Bush Hits Deadline For 'Midnight Regulations' There are now 60 days left until President Bush leaves office and President-elect Barack Obama is sworn in. By law, there is a 60-day waiting period before any big, new federal regulations take effect. That means Friday is the deadline set by the Bush administration to get rules onto the books before the Democrats arrive.
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Bush Hits Deadline For 'Midnight Regulations'

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Bush Hits Deadline For 'Midnight Regulations'

Bush Hits Deadline For 'Midnight Regulations'

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This Friday before Thanksgiving might not feel special, but it's an important date for the Bush administration. There is a law mandating a 60-day waiting period before any big new federal regulations take effect. And there are now 60 days remaining until January 20th, when President-elect Barack Obama takes over. So, the Bush administration is in a regulatory rush to get new rules on the books that are seen as pro-business. NPR's Peter Overby reports.

PETER OVERBY: This is sometimes called midnight rule-making, even though that 60-day waiting period or even 30 days for minor rules makes for a pretty long midnight. The Bush administration set a timetable last May to make sure the speed-up happened, but it's hardly been mentioned at White House press briefings. Earlier this month, spokeswoman Dana Perino brushed aside a single query.

(Soundbite of press briefing)

Ms. DANA PERINO (White House Press Secretary, George W. Bush Administration): What I will tell you is that policies that this president has made have been carefully considered. All of the due diligence has been done on a range of these issues.

OVERBY: Regulations now emerging from the pipeline affect all sorts of hot-button issues. Matt Madia makes his living tracking the federal regulatory process. He works for OMB Watch, a nonprofit group that monitors the White House Office of Management and Budget, where all regulations get a final review.

Mr. MATT MADIA (Regulatory Policy Analyst, OMB Watch): It's unfortunate that so many of the rules will damage the environment or roll back existing requirements on pollution.

OVERBY: Madia says that regardless of the issue, all of the decisions are decidedly conservative and pro-business.

Mr. MADIA: These are the kinds of things we're seeing, and they're not in the public's interest.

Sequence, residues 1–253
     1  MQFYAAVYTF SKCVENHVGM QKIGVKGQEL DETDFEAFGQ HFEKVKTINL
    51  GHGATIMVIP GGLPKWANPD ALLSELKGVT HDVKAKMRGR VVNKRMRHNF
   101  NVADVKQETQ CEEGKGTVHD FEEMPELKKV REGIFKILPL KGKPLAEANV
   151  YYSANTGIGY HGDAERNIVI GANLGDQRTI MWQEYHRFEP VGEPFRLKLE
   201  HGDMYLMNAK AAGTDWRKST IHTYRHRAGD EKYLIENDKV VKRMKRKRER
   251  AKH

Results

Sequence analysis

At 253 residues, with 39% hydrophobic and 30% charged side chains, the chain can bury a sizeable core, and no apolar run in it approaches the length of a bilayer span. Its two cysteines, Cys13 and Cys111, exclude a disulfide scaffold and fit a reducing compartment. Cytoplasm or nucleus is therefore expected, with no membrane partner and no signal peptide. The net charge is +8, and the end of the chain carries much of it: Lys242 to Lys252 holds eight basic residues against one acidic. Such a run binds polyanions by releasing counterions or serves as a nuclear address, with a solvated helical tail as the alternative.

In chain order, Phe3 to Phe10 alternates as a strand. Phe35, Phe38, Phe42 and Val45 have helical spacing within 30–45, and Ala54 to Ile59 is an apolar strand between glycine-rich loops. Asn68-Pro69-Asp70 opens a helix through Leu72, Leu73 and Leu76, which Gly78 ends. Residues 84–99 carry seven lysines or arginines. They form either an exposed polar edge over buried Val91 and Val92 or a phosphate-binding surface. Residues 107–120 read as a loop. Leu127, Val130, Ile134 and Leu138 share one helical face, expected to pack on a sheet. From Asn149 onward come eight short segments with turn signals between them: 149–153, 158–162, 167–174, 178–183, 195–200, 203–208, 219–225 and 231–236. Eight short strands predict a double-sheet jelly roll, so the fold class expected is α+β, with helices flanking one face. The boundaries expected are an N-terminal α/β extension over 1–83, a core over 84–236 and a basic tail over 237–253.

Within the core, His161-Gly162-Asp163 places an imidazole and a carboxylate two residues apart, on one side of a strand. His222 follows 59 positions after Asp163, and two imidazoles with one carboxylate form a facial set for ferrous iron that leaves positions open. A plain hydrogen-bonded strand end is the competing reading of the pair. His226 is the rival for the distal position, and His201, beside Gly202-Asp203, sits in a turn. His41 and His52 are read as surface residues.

OVERBY: Take the Labor Department's new regulations on the Family and Medical Leave Act. The law was passed during the Clinton administration, with corporations fighting to stop it. It lets workers take unpaid leave to tend to medical and family needs. Two years ago, the Labor Department started the current rule-making. Last year, it started writing draft regulations. Then last month, Labor abruptly approved a final version; 15 days later, OMB gave the final OK. Everybody likes one part of the regs; it gives extra family and medical leave to families of service members recovering from injury or illness. But another provision says companies can impose rules that keep employees from using paid vacation instead of the unpaid leave. The National Association of Manufacturers wanted this. Keith Smith is the association's director of employment and labor policy.

Mr. KEITH SMITH (Director, Employment and Labor Policy, National Association of Manufacturers): This wasn't something that was rushed through by any means. Even though that these regulations were long overdue, they took the time to make sure that they were done right. They look at the feedback, the comments provided by thousands of commenters.

OVERBY: Among those opposing the new regulation was the National Partnership for Women and Families.

Ms. JOCELYN FRYE (General Counsel, National Partnership for Women and Families): In difficult economic times in particular, it's very tough to take leave that's unpaid.

OVERBY: General counsel Jocelyn Frye says there is no reason, legal or otherwise, for the change.

Ms. FRYE: It was always our view that these regulations were largely unnecessary.

OVERBY: Similar quarrels are breaking out over other regulations. But President Bush is far from the first president to wield last-minute power this way. John Adams set the precedent in 1801, by appointing what were called the midnight judges. Eight years ago, President Clinton approved dozens of new regulations in his final days, but the 60-day waiting period hadn't run, and President Bush was able to put them all on hold. Republicans in Congress mocked Clinton's last-minute burst of action. Here's then Senator Don Nickles speaking off the Senate floor.

Mr. DON NICKLES (Former Senator, Republican, Oklahoma): Couldn't get whatever they wanted to do through Congress, and so all of the sudden they started issuing regs, particularly in the last couple of weeks of the Clinton administration, in some cases to give things to their supporters.

OVERBY: Now, President Bush has tried to avoid Clinton's misstep by getting his midnight regulations into effect now. That way, the 60-day waiting period can run out before he leaves office. Congressional Democrats, including former First Lady Hillary Clinton, are already introducing bills designed to outmaneuver him. Peter Overby, NPR News, Washington.

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